Detention (2011) – or – Teen horror with ADD.

If I wanted to stick to the idea of this movie for my review, I’d make it less than 140 characters and post it as a tweet. That’s pretty much how this movie felt, as if every moment had to happen in under 140 characters.

Attempting a synopsis of the film would either be impossible, or would reveal way too many details. I have to wonder if there was a rough synopsis when director Joseph Kahn began the picture in the first place.

It is mocking and embracing our current culture, all at the same time. For the generation brought up on bite-size bits of information, news, and entertainment, the film fits perfectly. It’s also blatantly mocking the fact that people live in tweets and status updates. Who the film is truly for is a mystery, although it does manage to be funny and completely confusing in one breath.

To show just how ADD the film can manage to be, various storylines include, time travel, body swapping, serial killers, revenge, lost love, aliens, Canadians, and teenage social groups. I’m willing to bet that I’ve missed a few in there as well. The film jumps from one idea to the next in about as much time as it would take to watch a YouTube video. Along the way, they cram as many bizarre nods to ’90s culture as they can. So is the film made for people like me who can remember all those references, or is it made for today’s youth who are accustomed to rapid fire thought processes? Honestly, I have no idea.

Our main group of characters including Sander, Riley, Ione, and Clapton.

Somehow I know I’m about to piss off a cinephile, but here goes. Detention reminded me of a couple of French New Wave films that I just watched recently. They made little sense, were full of scene after scene that didn’t seem to depend on what came before, and are more entertaining discussing them after than actually watching. That sums up Detention for me. Where I would normally enjoy a film with an audience, this is one that I would have preferred to watch alone. There is so much going on that I just couldn’t grasp it all at once. The fact that I function less effectively in a crowd wasn’t helping either.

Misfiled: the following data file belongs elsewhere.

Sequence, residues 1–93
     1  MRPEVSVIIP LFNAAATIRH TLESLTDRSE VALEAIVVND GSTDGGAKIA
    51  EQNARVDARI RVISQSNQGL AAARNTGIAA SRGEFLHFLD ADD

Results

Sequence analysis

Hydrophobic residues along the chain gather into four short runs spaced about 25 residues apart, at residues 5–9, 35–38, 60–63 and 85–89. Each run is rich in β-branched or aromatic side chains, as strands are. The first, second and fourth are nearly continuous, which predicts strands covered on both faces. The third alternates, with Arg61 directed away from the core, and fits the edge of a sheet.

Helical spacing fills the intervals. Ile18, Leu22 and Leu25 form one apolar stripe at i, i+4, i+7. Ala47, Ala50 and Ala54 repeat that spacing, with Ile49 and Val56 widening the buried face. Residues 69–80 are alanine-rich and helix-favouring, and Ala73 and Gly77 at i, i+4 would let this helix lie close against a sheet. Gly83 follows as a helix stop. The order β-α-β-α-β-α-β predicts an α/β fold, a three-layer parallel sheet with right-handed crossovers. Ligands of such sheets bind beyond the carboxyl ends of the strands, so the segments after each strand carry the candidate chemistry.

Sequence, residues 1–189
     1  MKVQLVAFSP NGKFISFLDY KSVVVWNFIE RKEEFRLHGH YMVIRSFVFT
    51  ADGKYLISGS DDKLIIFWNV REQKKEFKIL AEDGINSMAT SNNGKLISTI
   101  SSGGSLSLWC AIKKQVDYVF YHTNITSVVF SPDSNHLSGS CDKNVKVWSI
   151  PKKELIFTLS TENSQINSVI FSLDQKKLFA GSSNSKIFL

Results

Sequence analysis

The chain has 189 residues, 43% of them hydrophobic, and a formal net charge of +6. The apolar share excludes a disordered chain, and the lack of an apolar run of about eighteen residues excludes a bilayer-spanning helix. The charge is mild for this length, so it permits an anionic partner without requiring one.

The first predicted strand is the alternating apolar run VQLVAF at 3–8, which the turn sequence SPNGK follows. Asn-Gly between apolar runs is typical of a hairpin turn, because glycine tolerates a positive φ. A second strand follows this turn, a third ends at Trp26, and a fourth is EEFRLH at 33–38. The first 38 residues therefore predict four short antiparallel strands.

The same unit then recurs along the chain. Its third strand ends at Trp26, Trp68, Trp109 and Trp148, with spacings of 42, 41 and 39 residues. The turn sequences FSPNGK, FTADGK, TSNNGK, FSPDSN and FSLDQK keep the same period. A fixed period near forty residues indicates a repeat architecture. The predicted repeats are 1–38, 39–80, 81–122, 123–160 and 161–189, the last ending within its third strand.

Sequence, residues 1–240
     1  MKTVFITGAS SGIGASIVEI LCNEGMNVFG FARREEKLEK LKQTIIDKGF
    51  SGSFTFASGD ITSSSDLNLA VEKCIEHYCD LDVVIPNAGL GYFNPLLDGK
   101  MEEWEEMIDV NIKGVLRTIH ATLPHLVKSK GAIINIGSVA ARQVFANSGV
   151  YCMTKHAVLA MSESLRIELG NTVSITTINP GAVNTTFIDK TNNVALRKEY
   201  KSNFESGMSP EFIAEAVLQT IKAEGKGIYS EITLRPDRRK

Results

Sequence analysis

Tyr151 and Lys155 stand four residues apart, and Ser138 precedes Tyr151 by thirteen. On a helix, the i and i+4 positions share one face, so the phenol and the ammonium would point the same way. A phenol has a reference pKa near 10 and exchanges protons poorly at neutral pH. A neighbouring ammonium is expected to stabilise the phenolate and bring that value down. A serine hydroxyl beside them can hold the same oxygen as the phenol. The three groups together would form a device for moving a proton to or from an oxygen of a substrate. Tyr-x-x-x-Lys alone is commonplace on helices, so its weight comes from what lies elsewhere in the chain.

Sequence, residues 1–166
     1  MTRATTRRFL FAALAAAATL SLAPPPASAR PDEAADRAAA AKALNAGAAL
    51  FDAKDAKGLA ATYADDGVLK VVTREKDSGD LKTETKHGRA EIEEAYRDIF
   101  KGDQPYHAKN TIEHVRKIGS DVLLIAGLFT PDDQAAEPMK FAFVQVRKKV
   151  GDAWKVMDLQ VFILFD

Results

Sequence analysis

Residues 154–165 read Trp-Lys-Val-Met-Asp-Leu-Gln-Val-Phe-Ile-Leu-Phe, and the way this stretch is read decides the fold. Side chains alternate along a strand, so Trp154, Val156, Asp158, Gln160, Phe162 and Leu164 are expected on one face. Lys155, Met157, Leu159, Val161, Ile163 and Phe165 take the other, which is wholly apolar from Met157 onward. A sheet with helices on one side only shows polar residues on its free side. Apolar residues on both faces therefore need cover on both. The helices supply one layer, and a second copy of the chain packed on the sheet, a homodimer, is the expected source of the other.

Trapped in detention, the kids try to find out who the killer is, by watching a bootleg version of a movie where the characters are also watching a bootleg version of a movie.

There are times when you can take too many good things, put them together, and wind up with something terrible. Detention isn’t terrible, but it’s really pushing the limits of what I can handle. Scale down some of the insanity in the film and there would be something there. At this point, it’s one idea after another, after another, after another, until your brain can’t handle any more. The one saving grace is that it’s funny. Of course, it’s hard not to hit a joke when every moment has about ten of them. If you didn’t like that first joke, wait about three and a half seconds for the next one.

I’d be interested to find out who enjoys this film, and whether they use social media a lot. It seems designed for people who have become masters at technological multitasking. If you can’t leave the house without your phone, and frequently text in the middle of a conversation, this one is for you. If you’re an old man like me, used to having conversation instead of texting, this one is probably going to make your head hurt.

Under the marquee – Will

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One Response to Detention (2011) – or – Teen horror with ADD.

  1. Pingback: V/H/S (2012) – or – Shake, shake, shake. Shake your movie. | The Film Reel

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